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A policy manual is not a legal employment agreement. I always work with an employment contract and I make sure that all of the crew have the same. It is a legal document that I had a maritime lawyer draft for me with all of the legal mumbo-jumbo including statements about severance pay and holiday pay, etc. It gets signed by both parties and initialed on each page.
It has clauses in it that protect the crew member as well as the owner and will stand up in a court of law if there is a breach of the contract, ie. non payment of severance as per the contract. So often in the past I have come across yacht owners that never have used employment agreements with their crew so I had one drafted that could be customized for each yacht I work on and that is what I use when I come across an owner who does not have a previously drafted agreement.
Why in the world would any crew take a job without an employment agreement? Don’t let any owner or his lawyers tell you that it is OK to be employed without a legal agreement. There is a reason why they don’t want to do this and it is more than likely not in your best interest but theirs. I have always received my severance and wages due. When the MLC finally gets ratified, now supposedly in early 2013, it will be required for all yacht owners to have employment agreements with their crew.
— Captain, 100-120 feet, less than a year aboard
Some more comments from captains and crew about severance pay:
Even if you leave not of your will you should get severance especially after four years of service.
If someone turns in notice, then they really don’t deserve severance. If someone is let go out of blue and they have been there for some time, they deserve severance equivalent to the time on board.
In this business, I only expect a day’s pay for a day’s work.
The last crew walked off so the owner wanted a promise that the new crew wouldn’t do the same so we agreed to a 90-day warning of departure, and he agreed to 90-days pay if he ends our position. Seemed fair.
Severance should be at least 2 weeks per year onboard, if the yacht gets sold.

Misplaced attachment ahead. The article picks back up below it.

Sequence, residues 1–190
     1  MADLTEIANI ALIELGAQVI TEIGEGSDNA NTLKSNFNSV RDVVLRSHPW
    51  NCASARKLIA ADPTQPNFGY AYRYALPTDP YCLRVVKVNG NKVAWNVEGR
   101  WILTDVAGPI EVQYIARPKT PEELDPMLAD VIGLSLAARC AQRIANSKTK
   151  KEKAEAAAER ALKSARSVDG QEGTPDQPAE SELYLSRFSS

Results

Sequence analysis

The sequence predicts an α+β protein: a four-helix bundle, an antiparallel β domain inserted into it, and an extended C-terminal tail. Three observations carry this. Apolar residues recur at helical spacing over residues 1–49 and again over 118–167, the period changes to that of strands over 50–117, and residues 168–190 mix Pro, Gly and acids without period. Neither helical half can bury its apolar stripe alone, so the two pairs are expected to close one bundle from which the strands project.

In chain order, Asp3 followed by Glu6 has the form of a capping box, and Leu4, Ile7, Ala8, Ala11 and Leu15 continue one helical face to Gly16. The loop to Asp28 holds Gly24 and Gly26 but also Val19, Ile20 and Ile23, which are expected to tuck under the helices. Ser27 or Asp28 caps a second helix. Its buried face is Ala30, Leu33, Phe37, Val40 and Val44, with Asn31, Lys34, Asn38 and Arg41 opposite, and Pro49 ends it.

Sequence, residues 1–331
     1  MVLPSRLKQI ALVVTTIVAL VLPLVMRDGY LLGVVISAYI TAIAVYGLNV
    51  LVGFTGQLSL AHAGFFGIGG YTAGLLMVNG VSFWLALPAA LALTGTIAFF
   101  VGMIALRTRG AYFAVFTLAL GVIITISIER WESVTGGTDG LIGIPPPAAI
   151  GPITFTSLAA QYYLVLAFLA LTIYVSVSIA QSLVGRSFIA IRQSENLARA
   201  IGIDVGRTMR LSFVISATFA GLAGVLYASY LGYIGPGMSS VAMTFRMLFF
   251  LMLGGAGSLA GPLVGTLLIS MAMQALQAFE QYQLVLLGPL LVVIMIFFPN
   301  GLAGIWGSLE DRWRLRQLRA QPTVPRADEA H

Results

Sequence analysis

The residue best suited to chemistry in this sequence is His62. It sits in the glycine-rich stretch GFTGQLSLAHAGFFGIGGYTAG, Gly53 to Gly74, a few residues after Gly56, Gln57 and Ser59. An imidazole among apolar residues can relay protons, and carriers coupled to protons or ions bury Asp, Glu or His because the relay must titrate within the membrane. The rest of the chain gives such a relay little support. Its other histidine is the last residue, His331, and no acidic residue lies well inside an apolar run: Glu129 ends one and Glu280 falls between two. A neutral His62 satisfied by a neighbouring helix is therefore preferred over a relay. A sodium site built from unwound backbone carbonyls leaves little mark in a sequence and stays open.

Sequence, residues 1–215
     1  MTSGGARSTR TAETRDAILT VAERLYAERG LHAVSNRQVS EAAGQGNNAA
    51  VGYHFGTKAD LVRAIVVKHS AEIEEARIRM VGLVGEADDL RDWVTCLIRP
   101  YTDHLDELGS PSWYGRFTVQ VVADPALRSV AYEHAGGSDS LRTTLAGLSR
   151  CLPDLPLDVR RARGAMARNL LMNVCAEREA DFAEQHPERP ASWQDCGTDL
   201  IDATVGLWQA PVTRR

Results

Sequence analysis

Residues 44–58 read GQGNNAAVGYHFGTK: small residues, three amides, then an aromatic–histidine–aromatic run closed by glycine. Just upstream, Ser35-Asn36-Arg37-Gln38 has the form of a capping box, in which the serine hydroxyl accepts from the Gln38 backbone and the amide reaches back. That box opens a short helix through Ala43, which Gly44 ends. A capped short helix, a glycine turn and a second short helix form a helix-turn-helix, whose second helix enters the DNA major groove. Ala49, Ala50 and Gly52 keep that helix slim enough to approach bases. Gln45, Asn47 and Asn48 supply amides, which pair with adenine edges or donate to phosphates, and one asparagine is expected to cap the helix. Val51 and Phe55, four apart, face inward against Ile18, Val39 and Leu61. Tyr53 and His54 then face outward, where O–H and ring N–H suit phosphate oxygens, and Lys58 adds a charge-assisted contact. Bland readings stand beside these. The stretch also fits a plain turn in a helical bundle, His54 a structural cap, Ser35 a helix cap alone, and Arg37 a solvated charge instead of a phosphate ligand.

I really don’t feel that severance should be paid unless your job is terminated for some reason, such as the death of the owner or if the boat sells. If you quit to go to another job, they should not be expected to pay severance.
On the other hand, if you have been a loyal employee for several years and you quit due to an unusual life circumstance or illness, I definitely think it would be proper for them to repay your loyalty and to offer severance.
Severance pay is just one part of the employment package process. Pay me more in one area and I’m happy to take less in another.
This is one more example that employees today (at sea and ashore) feel that they are entitled.
Unfortunately, in my experience, severance is a major bonus. I have found that normally a couple of weeks notice is about as much as one can expect. Forget holiday pay, etc. Remember, this is a rich man’s hobby, not his business, which is a completely different ball game.
In my experience the owners always find a reason to avoid paying severance or a bonus, even for helping to sell a yacht.
In the past, if the yacht was sold, I received a bonus for years worked on the boat. Crew members received one month’s wages if they were let go without cause; nothing for cause but the month’s balance and a plane ticket home.
The yacht I have been on for three years is for sale. The owner has agreed to one month severance per year but at this writing has not agreed to pay for accrued vacation.
When the 47m motor yacht I had been working on for two years sold, I received one month’s pay for each year worked. Everyone on board did. The owner asked the captain what would be appropriate. The captain suggested the 1/1 and the owner did it. Even though the capt had been there more than five years, the total payout would have been less than half a percent of the sales price. The broker definitely took home several times more than all the crew combined.
It is a subject that is not normally brought up during the hiring process, but should be. I have nine years with this particular owner and we have worked out a settlement for when the vessel sells.
If you have a signed employment contract stating a severance will be paid, generally if certain conditions are met, upon fulfillment of the conditions there is legally no choice for the owner, he must pay. The condition of the economy has no bearing on a contract, unless one was foolish enough to agree to such a stipulation at the time of the signing of the contract.
Owner offered 1 year severance without any request on my part. My employment ended three months earlier than discussed and the owner then fabricated fantasies as an excuse for not paying any severance.